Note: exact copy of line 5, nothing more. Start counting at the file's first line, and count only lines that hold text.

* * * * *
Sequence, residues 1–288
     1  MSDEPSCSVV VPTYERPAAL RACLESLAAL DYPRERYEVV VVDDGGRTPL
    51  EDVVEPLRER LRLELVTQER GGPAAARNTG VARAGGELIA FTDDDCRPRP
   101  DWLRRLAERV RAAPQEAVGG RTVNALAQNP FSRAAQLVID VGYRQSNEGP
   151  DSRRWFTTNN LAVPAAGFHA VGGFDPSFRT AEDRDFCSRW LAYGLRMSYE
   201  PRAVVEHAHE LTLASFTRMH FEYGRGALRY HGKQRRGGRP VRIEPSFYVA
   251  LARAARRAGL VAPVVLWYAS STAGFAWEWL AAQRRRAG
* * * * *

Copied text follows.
   151  DSRRWFTTNN LAVPAAGFHA VGGFDPSFRT AEDRDFCSRW LAYGLRMSYE